Once you wend your way through this Kat’s last name (really, just try it phonetically, and it’s not that tough!) you’’re going to find some solo piano to sink your teeth into. In fact, let’s call him ‘Kat.’ He gets your attention immediately with a stirring “Close Enough For Love.” And then the sparks start to fly!  On comes “Lover” with more than a hint of Art Tatum and even a touch of the thunder of Roger Kellaway! The Tatum shadow also lingers close by on such adventures as “Groovin’ High,” “Mack The Knife” and even “A Night In Tunisia.” On the more reflective side, there’s “September  Song,” “What’ll I Do,” “The Summer Knows” and, among others, a little touch of gentle finery called “Maura’s Tune.” The liner notes give us nothing on Kat’s background, but you may sure this guy practiced all the Czerny and Bach before turning his attention to these masterful solo piano impressions. Now, try that name again: Kastenelenbogen. That’s it, just like Henry Higgins, I think you’ve got it. And so does Eyran Katsenelenbogen!
ER Records, 2009, 61:33.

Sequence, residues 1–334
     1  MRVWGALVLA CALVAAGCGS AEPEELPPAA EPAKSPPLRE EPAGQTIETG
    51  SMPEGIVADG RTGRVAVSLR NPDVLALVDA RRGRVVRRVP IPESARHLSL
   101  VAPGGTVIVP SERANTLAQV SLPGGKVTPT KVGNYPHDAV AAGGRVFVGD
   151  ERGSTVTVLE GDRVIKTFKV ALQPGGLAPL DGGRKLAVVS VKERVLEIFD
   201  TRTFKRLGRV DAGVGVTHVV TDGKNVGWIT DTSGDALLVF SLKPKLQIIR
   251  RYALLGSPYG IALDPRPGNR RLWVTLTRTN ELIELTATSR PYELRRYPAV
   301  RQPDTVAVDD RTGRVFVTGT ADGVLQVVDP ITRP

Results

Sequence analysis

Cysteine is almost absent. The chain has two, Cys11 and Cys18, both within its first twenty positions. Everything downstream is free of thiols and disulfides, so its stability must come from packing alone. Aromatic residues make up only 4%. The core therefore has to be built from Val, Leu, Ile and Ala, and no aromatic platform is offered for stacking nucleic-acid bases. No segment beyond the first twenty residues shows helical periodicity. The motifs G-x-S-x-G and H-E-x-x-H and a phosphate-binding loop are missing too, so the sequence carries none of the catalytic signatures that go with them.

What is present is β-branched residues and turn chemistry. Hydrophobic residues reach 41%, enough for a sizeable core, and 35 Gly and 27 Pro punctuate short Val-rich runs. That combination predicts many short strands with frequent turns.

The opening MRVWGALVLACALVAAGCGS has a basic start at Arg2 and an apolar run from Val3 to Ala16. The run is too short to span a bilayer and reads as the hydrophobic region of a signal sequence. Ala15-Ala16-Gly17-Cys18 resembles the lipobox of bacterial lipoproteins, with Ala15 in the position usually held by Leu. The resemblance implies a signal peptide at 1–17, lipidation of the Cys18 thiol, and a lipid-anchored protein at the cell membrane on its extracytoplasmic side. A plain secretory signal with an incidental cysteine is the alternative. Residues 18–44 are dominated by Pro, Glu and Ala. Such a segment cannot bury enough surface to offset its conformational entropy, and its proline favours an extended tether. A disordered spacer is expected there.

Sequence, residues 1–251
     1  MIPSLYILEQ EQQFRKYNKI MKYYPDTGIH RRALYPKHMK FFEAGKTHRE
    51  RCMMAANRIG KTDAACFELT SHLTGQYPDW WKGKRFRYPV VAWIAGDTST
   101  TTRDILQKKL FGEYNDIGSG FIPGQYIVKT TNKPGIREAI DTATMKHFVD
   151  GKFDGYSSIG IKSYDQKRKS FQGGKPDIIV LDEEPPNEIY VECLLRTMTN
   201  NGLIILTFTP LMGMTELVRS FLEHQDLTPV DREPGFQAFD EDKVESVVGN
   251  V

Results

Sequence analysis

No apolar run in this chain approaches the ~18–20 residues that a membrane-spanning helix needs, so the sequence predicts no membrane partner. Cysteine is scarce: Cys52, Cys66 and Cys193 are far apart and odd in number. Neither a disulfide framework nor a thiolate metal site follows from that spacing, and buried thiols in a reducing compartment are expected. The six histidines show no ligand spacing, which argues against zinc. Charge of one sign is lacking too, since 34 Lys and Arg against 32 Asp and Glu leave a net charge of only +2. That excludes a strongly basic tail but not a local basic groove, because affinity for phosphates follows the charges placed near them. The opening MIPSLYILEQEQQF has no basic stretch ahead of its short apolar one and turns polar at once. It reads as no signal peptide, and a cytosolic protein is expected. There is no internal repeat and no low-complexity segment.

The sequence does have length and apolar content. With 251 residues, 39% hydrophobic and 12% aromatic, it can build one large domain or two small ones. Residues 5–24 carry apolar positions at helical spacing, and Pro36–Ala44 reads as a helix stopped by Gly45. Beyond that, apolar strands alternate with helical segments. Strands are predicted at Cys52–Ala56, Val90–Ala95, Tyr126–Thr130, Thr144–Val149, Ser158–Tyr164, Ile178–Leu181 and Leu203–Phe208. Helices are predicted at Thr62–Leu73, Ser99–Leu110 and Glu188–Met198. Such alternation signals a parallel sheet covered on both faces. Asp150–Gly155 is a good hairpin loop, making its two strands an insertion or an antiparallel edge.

Deux, Billet-Deux (a guitar-cello based quintet).
This seemingly one-of-kind group has taken the instrumentation and basic style of such celebrated artists as Django Reinhardt and Stephhane Grappelli and applied that style to modern era heroes like Diz, Mingus, Wes, Clifford and others. You may well be dubious about such an experiment, but one time through this disc and you’ll admit, it works. And so, this quintet of two guitars, cello, bass and drums works with panache on Wes’s Four On Six, Diz’s Bebop; Clifford Brown’s Joy Spring and Charlie Mingus’s opus, Goodbye Porkpie Hat. To those, add such delights as Pent-Up House, Softly As In A Morning Sunrise, Do You Know What It Means To Miss New Orleans and a half a dozen or so of lesson known, but compelling melodies, and you come out with a different take on some magnificent music. For example, from the latter group, there’s a Reinhardt composition called Anouman which features an album highlight  solo from cellist Michael Yocco. All in all, you’ll find here a most intriguing album which holds your interest through its superb material and first rate musicianship